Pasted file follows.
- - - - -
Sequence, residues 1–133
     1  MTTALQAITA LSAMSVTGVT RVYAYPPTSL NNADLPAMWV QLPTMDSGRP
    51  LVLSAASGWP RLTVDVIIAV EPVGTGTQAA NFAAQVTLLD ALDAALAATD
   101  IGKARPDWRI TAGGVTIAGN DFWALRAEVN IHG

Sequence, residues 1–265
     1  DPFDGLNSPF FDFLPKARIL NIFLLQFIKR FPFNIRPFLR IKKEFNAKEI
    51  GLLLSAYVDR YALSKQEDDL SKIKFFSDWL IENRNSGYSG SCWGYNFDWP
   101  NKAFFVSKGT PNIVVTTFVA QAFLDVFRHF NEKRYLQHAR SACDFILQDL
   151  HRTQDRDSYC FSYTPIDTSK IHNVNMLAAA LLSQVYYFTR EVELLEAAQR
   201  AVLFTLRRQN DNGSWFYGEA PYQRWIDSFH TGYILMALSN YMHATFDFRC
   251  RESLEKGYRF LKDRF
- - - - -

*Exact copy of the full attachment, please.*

Sequence, residues 1–133
     1  MTTALQAITA LSAMSVTGVT RVYAYPPTSL NNADLPAMWV QLPTMDSGRP
    51  LVLSAASGWP RLTVDVIIAV EPVGTGTQAA NFAAQVTLLD ALDAALAATD
   101  IGKARPDWRI TAGGVTIAGN DFWALRAEVN IHG

Sequence, residues 1–265
     1  DPFDGLNSPF FDFLPKARIL NIFLLQFIKR FPFNIRPFLR IKKEFNAKEI
    51  GLLLSAYVDR YALSKQEDDL SKIKFFSDWL IENRNSGYSG SCWGYNFDWP
   101  NKAFFVSKGT PNIVVTTFVA QAFLDVFRHF NEKRYLQHAR SACDFILQDL
   151  HRTQDRDSYC FSYTPIDTSK IHNVNMLAAA LLSQVYYFTR EVELLEAAQR
   201  AVLFTLRRQN DNGSWFYGEA PYQRWIDSFH TGYILMALSN YMHATFDFRC
   251  RESLEKGYRF LKDRF